Yeah, that didn’t work.

In these final days leading up to my trip – the suitcase stocked, itinerary printed, and camera storage waiting to be filled – I’m finally allowing myself to feel the worry and more importantly, to embrace it. Who knows what is to come in this month away at Spain, but I realize now that if I cower away to hide behind these worries I desperately wanted to not exist in the first place, I’ll waste my entire time. I don’t want to walk through the cobblestone streets with clenched shoulders and scanning eyes. I want to meander. I want to taste test. I want to explore. I want to let go of the anxiety and just exist there among the atmosphere of Spain.

To combat the anxiety and calm my fears, I’ve given myself a few rules to abide by while I’m in my creative writing program:

  1. Challenge myself – there’s a difference between comfort zone and cowardliness. This is the time to step out of my normal routine and experience the world through a different lens, which calls for me to strap on a badge of courage.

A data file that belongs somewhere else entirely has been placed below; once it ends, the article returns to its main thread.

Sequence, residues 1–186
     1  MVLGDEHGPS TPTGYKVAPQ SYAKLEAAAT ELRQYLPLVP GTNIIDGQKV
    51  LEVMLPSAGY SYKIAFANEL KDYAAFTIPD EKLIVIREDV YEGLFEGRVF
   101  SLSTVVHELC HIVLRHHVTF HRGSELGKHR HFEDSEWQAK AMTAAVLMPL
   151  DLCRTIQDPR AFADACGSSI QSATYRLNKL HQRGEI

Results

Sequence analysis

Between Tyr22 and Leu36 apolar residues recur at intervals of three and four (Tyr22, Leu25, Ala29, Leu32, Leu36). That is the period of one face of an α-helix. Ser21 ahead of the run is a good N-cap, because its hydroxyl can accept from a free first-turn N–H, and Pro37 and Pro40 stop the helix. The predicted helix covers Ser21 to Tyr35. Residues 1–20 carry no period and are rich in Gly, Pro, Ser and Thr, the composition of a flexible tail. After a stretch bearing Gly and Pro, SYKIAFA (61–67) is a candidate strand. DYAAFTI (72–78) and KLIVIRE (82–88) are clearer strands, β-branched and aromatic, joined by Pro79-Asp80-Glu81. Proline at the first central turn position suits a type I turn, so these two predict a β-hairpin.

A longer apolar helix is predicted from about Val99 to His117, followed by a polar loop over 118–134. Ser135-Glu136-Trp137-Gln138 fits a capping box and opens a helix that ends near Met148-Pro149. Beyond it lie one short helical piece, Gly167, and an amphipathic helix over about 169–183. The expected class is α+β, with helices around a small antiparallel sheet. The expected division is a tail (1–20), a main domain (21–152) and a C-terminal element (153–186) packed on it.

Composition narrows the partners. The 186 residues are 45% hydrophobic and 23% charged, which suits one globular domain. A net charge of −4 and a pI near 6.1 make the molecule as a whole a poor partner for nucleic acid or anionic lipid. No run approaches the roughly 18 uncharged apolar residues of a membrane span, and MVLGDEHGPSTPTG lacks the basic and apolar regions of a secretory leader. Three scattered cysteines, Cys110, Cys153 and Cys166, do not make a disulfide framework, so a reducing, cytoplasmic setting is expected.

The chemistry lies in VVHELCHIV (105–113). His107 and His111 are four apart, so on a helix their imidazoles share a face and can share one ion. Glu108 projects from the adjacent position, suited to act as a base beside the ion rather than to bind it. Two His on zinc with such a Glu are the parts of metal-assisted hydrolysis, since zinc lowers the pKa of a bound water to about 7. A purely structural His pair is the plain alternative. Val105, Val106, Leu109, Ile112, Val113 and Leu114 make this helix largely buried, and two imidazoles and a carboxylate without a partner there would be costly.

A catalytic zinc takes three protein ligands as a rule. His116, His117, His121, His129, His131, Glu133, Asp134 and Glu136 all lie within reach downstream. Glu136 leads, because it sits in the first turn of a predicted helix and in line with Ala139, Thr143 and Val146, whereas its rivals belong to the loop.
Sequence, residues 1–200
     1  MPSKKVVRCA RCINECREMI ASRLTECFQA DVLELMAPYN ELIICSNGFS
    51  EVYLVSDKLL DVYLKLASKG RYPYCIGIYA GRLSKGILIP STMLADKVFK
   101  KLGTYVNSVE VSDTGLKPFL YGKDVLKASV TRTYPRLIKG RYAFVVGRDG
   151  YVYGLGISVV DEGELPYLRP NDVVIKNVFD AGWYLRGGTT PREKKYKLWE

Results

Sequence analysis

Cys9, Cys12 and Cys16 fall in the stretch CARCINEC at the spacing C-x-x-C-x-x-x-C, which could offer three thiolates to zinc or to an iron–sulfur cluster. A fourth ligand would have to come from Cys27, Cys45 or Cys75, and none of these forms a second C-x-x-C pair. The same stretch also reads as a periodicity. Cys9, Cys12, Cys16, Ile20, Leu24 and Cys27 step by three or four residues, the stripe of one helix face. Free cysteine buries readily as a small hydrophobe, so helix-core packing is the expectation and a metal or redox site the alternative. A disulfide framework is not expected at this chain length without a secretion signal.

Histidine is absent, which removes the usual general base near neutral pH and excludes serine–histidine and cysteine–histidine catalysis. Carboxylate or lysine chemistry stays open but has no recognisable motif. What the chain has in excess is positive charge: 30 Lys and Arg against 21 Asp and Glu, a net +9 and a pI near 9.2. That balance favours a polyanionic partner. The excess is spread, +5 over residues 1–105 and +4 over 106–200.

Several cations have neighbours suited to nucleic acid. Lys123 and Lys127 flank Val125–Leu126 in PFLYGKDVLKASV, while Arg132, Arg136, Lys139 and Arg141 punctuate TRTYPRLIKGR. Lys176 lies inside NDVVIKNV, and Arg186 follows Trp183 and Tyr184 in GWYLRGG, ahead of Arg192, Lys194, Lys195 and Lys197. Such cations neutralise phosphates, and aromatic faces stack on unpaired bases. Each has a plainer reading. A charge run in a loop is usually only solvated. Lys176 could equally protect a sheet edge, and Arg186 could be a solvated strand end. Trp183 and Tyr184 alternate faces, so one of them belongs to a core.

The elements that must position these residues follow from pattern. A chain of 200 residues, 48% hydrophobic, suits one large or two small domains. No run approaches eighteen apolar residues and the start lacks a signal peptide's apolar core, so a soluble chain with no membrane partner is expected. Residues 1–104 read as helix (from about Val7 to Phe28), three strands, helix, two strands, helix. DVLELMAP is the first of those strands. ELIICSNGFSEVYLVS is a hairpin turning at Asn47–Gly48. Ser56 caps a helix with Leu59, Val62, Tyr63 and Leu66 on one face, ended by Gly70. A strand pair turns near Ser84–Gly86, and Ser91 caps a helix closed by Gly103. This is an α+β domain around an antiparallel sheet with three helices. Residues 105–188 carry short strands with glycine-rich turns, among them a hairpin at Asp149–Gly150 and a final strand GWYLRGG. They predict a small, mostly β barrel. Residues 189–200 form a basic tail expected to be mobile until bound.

2. Remember my roots – it’s normal to be homesick. I acknowledge that and have set myself to be in contact with my family if need be. Keeping in touch is not going to be a crutch, but rather a small taste of my loved ones when I’m exhausted.
  3. Be kind to myself – at the end of the day, I’m a human being with faults, worries and I can only take so much. I’m not going to condemn myself if I need a break from the constant excitement to take a nap. I’m only there for a month and what is most important is simply that I exist and immerse myself within the Spanish culture. That’s all I hope to accomplish, for I know that to be the true purpose of my time in Spain.

I am accepting the inevitable nerves, but choosing to moving past them. They exist, and I acknowledge that, but I refuse to let them deter from any chance that may arise halfway around the world.

Spain, I’m coming for you!


Julia Grigorian double majoring in English and religious studies with the intent on pursuing a doctorate in early Christianity and Judaism. She is blogging this summer from Valencia, Spain.